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City of Trinidad adjusts to coronavirus, approves hemp ordinance and MOU with creative district

by Bill Knowles


TRINIDAD — During a closed chamber meeting streamed live through a Go to Meeting app, the Trinidad City Council began conducting business over the sterile environment of the internet for the duration of the COVID-19 outbreak. And the first order of business was for the city to release an update about what’s open and what’s not.

With Mayor Phil Rico and Interim City Manager Mike Valentine streaming from the council chambers at City Hall, along with Tom Murphy who was taping the meeting for posting on his YouTube channel, the meeting was mostly staged from kitchens, home offices, and living rooms.

Valentine gave an update on the progress of the virus, showing where the state statistics were at by 4 p.m. March 18; last Wednesday. At that time there were 213 cases. As of Saturday, March 21, the state website of showed 475 cases in the state, with 49 people hospitalized. So far, the virus has spread to 29 counties and 4,550 tests have been administered and five deaths have occurred. No cases have been found in Las Animas County. Among city operations, the Colorado Welcome Center, library, the community center have been closed. Business at city hall will be conducted by appointment only. Utilities can be paid online, over the phone, or at the drop box. Fees for using either a credit card or debit card have been waived until emergency orders are in effect.

The Trinidad Police Department issued a statement saying … “As a precaution to the coronavirus, people are encouraged to conduct business online and by phone as much as possible. To help with that, the Trinidad Police Department now has an online reporting option for victims of non-violent crimes.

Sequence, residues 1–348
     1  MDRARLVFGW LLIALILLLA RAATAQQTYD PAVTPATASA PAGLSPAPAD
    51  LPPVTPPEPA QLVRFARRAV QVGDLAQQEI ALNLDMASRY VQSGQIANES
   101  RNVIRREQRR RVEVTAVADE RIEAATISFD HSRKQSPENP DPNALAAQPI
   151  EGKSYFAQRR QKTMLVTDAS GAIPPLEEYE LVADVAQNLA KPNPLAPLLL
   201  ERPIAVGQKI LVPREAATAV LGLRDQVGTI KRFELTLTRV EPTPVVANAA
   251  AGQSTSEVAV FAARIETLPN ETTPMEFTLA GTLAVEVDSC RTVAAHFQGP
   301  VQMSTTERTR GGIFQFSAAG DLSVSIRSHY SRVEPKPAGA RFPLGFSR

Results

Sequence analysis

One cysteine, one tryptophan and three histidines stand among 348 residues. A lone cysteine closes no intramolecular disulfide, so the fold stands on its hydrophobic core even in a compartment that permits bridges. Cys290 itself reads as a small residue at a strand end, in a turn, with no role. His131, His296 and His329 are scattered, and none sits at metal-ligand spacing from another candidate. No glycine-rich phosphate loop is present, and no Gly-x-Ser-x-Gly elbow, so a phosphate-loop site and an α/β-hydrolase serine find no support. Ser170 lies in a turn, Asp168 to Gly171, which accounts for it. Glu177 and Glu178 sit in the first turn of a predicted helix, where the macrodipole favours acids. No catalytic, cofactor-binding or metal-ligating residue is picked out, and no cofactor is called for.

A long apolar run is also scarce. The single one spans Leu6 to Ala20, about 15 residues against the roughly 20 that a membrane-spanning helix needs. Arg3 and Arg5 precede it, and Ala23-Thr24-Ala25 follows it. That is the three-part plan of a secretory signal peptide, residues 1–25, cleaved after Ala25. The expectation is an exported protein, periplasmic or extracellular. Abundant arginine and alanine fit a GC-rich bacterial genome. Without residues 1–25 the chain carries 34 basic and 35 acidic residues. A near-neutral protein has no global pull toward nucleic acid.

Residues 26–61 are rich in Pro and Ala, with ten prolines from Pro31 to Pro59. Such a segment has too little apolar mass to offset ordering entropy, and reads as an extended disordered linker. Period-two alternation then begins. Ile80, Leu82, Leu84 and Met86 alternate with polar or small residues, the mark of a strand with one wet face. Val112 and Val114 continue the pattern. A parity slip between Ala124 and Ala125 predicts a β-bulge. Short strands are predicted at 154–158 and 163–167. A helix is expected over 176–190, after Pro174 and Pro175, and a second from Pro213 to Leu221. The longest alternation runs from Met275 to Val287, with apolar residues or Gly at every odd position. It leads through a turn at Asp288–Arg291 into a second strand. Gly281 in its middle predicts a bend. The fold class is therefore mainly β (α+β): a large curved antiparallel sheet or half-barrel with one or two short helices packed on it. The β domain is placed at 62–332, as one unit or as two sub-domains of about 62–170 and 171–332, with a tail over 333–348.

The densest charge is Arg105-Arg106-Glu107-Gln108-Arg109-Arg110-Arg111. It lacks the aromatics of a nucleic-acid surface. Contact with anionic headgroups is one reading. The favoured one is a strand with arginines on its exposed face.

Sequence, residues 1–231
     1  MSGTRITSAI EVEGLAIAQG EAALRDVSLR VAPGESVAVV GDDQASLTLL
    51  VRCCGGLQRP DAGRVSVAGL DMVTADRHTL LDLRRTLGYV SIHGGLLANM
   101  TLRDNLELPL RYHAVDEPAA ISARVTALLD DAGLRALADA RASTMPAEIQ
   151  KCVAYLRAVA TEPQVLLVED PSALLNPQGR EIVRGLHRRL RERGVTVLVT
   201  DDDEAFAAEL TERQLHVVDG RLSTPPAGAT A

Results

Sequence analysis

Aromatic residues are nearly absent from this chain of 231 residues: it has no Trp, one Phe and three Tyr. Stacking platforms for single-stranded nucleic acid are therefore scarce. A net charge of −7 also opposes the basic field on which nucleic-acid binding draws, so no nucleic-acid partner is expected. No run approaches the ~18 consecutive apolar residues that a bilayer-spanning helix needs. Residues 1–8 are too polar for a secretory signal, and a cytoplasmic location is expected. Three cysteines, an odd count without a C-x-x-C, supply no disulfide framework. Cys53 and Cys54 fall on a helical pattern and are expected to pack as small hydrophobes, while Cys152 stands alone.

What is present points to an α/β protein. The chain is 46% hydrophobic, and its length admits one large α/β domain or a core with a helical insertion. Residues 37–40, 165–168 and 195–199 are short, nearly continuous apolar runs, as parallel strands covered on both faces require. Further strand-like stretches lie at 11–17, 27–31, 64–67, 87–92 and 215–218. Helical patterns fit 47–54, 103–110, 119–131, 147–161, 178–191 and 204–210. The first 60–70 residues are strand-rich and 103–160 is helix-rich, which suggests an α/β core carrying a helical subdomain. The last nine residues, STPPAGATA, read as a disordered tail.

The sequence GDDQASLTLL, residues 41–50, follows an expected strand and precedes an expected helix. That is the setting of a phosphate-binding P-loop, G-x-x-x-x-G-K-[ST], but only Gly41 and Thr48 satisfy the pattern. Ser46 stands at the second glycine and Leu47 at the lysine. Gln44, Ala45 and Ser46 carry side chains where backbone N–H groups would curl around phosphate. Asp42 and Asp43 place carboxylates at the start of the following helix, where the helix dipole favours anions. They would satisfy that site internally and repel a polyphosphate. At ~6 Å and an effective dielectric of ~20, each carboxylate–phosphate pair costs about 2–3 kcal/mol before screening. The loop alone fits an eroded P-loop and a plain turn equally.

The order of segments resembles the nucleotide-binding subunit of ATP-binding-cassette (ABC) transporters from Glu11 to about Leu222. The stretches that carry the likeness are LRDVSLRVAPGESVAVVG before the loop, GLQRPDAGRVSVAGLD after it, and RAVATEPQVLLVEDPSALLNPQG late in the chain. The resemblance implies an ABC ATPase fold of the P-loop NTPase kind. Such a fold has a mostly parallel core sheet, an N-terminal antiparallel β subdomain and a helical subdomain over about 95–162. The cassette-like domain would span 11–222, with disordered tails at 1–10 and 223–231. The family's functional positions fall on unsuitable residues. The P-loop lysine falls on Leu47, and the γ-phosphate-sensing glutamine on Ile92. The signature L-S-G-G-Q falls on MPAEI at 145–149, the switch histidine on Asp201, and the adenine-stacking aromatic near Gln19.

“To file an online police report, go to Once the report is submitted, an officer will review it and contact the reporting party by phone or email with a report number.

“To request a copy of a police report, including accident reports, go to Report requests are fulfilled during regular business hours. It takes 5-7 business days for reports to be ready for release.”

If 9-1-1 Dispatch is called, the caller will be questioned concerning the health of other individuals on the scene. That information will be relayed to the first responders that have been called to the scene so the responders can take adequate measures to protect themselves.

Valentine looked at the emergency declaration issued by Governor Jared Polis last week. That order shut-down restaurants and bars. The city is in touch with the Colorado Department of Public Health and Environment (CDPHE) and the Las Animas-Huerfano Counties Public Health Department (LAHUPHD) concerning questions on cannabis dispensaries for guidance on them.

An unofficial survey of the cannabis businesses in Trinidad showed that the dispensaries are observing social distancing both verbally and with posted signage by allowing only so many customers at a time in the lobbies. Bud tenders and customer service employees are wearing masks.

Closure of the dispensaries is something the city would prefer not to do. Rico spoke on the issue, tying it in with a flow of revenues into the city that will help keep it afloat. The other issue looked at was keeping the dispensaries open, especially the medical side of the business.

Wally Wallace, the city’s economic development director, looked at programs that would help local businesses stay afloat. He said that the Office of Economic Development and International Trade and Startup Colorado along with the Small Business Administration will be available to work with local businesses.

Wallace also spoke about the state working to make unemployment filings and claims move quicker. However a larger than normal volume is slowing down the process of filing for unemployment.

According to the report, the City of Trinidad is taking a financial hit because sales are down across the business sector and this is dragging down city tax revenues.


Hemp as a regulated substance

The city council passed on a 5-0-1 vote with council member Aaron Williamson not voting due to loss of internet, the second reading of an ordinance that will prohibit hemp cultivation operations and other hemp agricultural operations within the corporate limits of the City of Trinidad.

As with the first reading, the reason given for the ordinance is that there is a potential for male hemp plants to pollinate female marijuana plants being grown for the city’s dispensaries. However council member Karen Griego said that it looked like the city council was attempting to regulate something outside of the city. She then asked City Attorney Les Downs if the city could place all hemp cultivation outside the city. Downs said that in a way the city was regulating something in the county. By banning hemp cultivation in the city, that activity would have to take place in the county if someone were to cultivate hemp.